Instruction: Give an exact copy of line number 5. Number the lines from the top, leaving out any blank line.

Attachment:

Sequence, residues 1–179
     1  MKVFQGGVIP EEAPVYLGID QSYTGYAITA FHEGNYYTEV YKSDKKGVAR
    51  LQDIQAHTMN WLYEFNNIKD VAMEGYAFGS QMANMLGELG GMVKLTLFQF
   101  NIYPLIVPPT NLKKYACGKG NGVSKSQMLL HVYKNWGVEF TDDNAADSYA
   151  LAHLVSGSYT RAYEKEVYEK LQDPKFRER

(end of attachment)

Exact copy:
   151  LAHLVSGSYT RAYEKEVYEK LQDPKFRER